Hollywood is majorly “whitewashed” and “still functions as a straight, white, boy’s club,” according to a new study.

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The recently conducted Comprehensive Annenberg Report on Diversity at USC is one of the most thorough and critical reports on the “inclusion crisis” in Hollywood, examining 10 major media companies including Netflix, 21st Century Fox and Disney for over 10 years.

The results showed an “epidemic of invisibility” across film, digital and TV platforms and a huge difference between Hollywood’s representation and the American population that tune into its content. 109 major films, 305 TV/digital series, over 11,000 characters, 10,000 directors, writers and creators and 1,500 executives were examined as part of the study.


Only a third of characters across the films and TV series were female and only 28.3 percent were minorities. 50 percent of the examined content featured no Asian characters at all and 20 percent had zero Black characters. 87 percent of film directors were white and in TV this percentage goes up to 90.4 percent. This has led to an argument for less tokenism on screen and suggestions of public quotas, checks and balance systems have come into play.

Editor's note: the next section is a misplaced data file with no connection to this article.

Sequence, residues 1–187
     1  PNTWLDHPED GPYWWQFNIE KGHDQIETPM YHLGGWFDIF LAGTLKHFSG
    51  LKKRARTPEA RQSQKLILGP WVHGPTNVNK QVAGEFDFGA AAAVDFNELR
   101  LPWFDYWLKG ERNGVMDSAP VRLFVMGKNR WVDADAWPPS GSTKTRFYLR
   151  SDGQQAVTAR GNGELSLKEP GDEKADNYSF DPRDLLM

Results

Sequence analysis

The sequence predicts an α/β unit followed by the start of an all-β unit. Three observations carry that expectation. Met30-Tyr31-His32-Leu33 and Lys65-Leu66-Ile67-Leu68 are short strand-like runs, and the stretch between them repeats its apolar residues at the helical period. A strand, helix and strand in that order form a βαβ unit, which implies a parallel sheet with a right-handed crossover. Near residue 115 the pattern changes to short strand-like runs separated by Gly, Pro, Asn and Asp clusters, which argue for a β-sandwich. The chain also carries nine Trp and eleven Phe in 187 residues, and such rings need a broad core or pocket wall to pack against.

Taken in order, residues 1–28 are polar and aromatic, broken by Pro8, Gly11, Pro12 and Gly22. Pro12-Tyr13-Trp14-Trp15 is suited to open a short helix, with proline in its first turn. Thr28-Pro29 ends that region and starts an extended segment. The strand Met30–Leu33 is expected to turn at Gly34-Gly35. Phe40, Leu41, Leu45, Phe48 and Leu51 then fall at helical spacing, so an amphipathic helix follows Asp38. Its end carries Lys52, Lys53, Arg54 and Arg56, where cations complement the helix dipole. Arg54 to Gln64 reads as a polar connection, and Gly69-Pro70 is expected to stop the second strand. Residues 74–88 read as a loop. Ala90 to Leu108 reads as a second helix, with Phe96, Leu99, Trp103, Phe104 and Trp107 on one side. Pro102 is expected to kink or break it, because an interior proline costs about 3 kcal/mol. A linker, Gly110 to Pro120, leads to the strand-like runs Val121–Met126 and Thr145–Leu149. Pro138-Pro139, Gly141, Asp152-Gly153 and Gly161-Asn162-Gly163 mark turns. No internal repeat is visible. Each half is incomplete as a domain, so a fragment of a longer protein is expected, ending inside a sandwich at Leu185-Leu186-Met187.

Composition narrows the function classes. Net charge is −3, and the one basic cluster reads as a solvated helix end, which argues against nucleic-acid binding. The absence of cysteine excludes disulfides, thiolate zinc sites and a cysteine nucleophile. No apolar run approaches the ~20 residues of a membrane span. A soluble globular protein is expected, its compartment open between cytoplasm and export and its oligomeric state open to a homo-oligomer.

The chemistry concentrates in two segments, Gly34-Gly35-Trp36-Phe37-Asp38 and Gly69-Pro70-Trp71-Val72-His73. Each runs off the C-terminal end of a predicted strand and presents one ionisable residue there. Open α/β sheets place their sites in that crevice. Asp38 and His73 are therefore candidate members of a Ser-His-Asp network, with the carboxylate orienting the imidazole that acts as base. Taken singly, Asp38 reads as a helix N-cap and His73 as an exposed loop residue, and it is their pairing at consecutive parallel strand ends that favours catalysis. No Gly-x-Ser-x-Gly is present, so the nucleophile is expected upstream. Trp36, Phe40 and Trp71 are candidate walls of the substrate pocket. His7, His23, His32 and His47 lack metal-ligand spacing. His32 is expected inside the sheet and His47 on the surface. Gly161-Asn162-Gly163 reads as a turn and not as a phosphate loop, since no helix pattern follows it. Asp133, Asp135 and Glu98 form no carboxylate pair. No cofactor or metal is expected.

Female directors, writers and creators in television were less than 29 percent, but in film this went down to 3.4 percent. Two out of 109 film directors were Black women. Only 20 percent of the executives were women and characters over the age of 40 were mainly male. As a result, gender discrimination in Hollywood has now become a federal case for investigation via the Equal Employment Opportunity Commission. Co-author of the study Katherine Pieper comments: “As prestige or power of the title increases, we see fewer women at the top.”

Shockingly only 2 percent of characters identified as LGBT and only seven characters were transgender, four of which were from the same series. It is a way deeper issue than just #OscarsSoWhite, the whole industry is systemically exclusive of women, minorities and LGBT members. Academy President, Cheryl Boone Isaacs, recently announced new strategies to tackle this problem. She stated that the academy is going to lead the way and “not wait for the industry to catch up.”

The USC study determined that the film industry is particularly worse than its small screen counterpart. None of the film companies had more than 20 percent diversity and Time Warner had none at all. TV and digital companies performed better with 65 percent and above. The success of diverse TV programming is a clear beacon of hope for the future of the industry, but let’s just hope that these big shots take note.

Co-author of the study, Stacy Smith, concluded with this: “People are still [being] erased. It’s 2016 and it’s time for a change. We’ve laid out concrete actionable steps because we don’t want to do this again in 10 years.” Amen to that.